“What is writing after all,” Isabel Allende once asked, “but an attempt to sort out the confusion of life?” She further observed, “For those without roots in a place, memory is essential to maintain a sense of continuity.”
Allende’s reflection aptly applies to Cora Siré’s Fear the Mirror, a collection of memoir, stories, and essays that transports us from Tallinn to Montevideo, Montreal to Buenos Aires, Ottawa to Salta. We travel the rough road of Siré’s life and imagination, peeking through windows and doorways hoping to catch a glimpse of the elusive poet through flashes, fleeting reflections off shards of glass.
Fear the Mirror
The reader’s journey begins with three stories about family, most particularly about the women in Siré’s early life: her formidable, sassy mother, a headstrong but shadowy grandmother who while living in Montevideo is shot by a man in a sensational murder-suicide, and an exotic aunt from Beverly Hills, Siré’s only relation without an accent, who never forgot how to have fun.
I was so enthralled by the stream of childhood memories that the fourth story, “The Mark,” written in the third person, proved a disappointment. The tale follows a young university student in Ottawa who successfully earns her pocket money by hustling games of backgammon. Her unsuspecting marks always lose, giving her a false sense of invulnerability until she herself (unsurprisingly) falls victim to a hustle.
In “Rasputin Red,” one of the most successful short stories in the collection, Lazarus is a collagist, employing shards of paper in his creations. He is championed by the Planes, a wealthy couple who take him under their wing and offer him a space – over their garage – in which to live and work. While he is exploring his life, piecing together fragments of memory to feed his art, the Planes are like tinted windows, reflecting the outside world but revealing nothing of what is going on inside.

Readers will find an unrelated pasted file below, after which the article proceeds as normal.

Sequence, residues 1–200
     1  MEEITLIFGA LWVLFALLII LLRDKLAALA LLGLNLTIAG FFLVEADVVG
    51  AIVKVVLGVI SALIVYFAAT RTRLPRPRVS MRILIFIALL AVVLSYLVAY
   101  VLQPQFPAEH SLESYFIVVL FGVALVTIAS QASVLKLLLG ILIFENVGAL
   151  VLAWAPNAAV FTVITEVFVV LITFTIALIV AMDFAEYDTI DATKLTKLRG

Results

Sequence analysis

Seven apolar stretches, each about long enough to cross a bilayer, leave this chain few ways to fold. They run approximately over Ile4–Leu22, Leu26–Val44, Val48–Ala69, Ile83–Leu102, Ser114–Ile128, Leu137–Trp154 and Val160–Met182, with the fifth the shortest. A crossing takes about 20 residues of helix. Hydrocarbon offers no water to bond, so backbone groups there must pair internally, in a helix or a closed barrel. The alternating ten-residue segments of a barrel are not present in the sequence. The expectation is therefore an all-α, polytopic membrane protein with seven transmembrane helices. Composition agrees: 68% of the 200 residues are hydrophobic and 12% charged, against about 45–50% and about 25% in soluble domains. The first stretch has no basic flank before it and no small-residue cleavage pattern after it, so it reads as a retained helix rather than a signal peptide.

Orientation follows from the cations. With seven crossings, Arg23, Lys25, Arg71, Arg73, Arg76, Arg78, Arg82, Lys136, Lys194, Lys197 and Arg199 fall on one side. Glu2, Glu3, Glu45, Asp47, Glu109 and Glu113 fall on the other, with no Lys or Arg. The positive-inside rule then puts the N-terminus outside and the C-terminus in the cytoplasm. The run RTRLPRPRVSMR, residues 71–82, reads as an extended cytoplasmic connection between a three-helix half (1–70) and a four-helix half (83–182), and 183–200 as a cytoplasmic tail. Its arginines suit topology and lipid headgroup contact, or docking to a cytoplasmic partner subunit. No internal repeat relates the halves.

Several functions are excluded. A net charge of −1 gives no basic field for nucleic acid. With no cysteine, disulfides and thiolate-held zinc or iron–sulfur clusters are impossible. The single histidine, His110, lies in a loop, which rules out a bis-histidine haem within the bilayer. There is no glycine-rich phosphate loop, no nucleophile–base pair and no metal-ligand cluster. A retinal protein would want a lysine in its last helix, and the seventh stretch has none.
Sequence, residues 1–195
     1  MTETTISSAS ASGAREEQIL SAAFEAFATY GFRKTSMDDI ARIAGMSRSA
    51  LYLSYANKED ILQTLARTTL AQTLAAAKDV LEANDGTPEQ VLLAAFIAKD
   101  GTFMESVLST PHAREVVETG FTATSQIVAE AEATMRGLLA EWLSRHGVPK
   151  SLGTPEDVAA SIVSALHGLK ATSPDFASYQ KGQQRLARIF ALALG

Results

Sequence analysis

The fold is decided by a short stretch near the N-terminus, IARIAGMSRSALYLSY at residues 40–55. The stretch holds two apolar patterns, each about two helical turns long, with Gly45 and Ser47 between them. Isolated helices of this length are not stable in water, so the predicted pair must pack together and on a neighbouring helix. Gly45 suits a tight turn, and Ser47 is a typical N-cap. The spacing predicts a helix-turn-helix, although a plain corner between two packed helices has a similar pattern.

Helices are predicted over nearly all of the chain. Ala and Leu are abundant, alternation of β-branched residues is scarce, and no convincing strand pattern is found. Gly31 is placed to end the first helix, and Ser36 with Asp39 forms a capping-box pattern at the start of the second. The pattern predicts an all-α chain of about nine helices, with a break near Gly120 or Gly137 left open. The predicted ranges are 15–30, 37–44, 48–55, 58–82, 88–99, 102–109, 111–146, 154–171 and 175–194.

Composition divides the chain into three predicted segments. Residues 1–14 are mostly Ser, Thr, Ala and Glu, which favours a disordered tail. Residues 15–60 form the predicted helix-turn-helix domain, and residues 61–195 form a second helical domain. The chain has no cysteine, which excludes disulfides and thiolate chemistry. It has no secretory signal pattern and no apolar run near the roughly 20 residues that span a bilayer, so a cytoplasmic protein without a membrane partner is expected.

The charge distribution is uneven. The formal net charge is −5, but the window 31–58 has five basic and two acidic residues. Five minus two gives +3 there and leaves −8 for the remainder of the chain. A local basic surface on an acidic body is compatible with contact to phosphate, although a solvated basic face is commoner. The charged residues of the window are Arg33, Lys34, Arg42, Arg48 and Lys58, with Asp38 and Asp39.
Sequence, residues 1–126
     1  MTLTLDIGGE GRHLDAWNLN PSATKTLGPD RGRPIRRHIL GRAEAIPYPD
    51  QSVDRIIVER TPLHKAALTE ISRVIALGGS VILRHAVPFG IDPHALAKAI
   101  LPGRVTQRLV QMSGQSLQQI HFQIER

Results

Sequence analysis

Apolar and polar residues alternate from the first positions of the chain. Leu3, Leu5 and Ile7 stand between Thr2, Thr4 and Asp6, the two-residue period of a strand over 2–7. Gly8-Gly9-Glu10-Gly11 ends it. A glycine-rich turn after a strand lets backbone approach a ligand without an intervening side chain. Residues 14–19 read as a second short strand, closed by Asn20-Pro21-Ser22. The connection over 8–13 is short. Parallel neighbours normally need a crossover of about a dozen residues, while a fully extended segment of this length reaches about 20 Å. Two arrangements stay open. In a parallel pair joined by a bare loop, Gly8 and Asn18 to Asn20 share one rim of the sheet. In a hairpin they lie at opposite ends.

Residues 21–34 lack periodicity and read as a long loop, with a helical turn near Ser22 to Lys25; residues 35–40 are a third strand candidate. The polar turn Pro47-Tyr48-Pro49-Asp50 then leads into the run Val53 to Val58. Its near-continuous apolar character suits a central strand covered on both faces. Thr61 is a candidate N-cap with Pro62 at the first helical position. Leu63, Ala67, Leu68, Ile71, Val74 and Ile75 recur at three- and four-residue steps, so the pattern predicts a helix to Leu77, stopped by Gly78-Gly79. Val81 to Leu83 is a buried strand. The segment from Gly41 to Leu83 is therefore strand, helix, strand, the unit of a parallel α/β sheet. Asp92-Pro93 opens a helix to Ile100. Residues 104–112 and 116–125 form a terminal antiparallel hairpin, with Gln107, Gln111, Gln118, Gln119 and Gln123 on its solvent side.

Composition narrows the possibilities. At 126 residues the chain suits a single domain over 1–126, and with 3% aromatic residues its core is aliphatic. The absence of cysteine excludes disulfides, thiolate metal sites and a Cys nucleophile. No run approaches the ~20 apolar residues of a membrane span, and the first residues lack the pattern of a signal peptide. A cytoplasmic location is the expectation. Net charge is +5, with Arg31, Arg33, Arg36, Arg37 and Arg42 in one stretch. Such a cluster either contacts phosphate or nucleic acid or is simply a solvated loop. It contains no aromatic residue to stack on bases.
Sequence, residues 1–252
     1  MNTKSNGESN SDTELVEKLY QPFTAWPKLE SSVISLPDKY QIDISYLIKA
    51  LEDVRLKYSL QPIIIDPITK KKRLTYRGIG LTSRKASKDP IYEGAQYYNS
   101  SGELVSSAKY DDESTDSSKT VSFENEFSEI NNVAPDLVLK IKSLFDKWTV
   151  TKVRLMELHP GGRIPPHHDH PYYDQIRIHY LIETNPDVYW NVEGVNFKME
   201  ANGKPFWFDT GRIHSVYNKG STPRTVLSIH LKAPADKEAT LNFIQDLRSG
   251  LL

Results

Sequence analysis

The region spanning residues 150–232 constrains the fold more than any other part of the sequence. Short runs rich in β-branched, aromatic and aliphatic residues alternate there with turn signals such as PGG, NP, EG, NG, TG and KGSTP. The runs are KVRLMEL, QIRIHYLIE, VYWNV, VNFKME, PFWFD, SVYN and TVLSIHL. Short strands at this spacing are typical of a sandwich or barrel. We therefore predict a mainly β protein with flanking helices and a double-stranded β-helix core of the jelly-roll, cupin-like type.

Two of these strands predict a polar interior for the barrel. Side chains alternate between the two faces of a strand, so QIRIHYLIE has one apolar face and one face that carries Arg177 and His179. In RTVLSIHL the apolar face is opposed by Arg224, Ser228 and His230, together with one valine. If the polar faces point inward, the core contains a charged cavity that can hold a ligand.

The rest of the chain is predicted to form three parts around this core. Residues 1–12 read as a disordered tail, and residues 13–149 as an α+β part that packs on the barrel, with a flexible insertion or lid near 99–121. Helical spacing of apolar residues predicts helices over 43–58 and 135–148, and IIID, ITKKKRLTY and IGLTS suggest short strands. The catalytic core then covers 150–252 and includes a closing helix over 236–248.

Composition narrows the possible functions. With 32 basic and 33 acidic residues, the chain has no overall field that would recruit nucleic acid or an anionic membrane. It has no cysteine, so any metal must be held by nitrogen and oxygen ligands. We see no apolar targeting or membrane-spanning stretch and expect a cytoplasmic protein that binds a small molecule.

Although the collection follows a loose chronology, the story variations leave a lingering sense of wanting more memoir, more of Siré’s own story, as in the two that appear near the end.
At the outset, Siré shares that as a young girl, her desire to conceal her true thoughts began at an early age. She practiced backward writing, visible only when held up to a looking glass. “I never regard myself in these moments before a mirror. I don’t care how I look. It’s my secret writing I want to see. The thrilling reflection of my hidden self.”
What stymies her ambition is that although hand mirrors or their shards are prized possessions, “I can’t get away with storing pieces of broken glass in the pockets of my shorts…” Only now has she found a way to save these secret shards, these fractured reflections, by scattering them through this resplendent, yet enigmatic collection.mRb